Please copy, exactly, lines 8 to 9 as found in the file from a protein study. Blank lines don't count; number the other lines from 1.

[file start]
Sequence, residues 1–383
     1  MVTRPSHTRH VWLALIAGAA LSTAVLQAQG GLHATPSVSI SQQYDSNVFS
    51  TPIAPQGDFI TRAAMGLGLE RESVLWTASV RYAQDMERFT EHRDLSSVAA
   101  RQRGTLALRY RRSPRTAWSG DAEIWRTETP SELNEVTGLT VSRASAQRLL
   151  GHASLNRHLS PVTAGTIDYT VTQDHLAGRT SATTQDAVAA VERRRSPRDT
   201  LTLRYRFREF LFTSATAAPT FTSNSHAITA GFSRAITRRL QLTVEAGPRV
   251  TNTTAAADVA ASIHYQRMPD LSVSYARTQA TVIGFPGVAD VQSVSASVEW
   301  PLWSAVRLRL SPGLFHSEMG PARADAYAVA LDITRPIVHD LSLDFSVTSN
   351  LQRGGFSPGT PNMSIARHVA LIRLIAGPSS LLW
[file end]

   301  PLWSAVRLRL SPGLFHSEMG PARADAYAVA LDITRPIVHD LSLDFSVTSN
   351  LQRGGFSPGT PNMSIARHVA LIRLIAGPSS LLW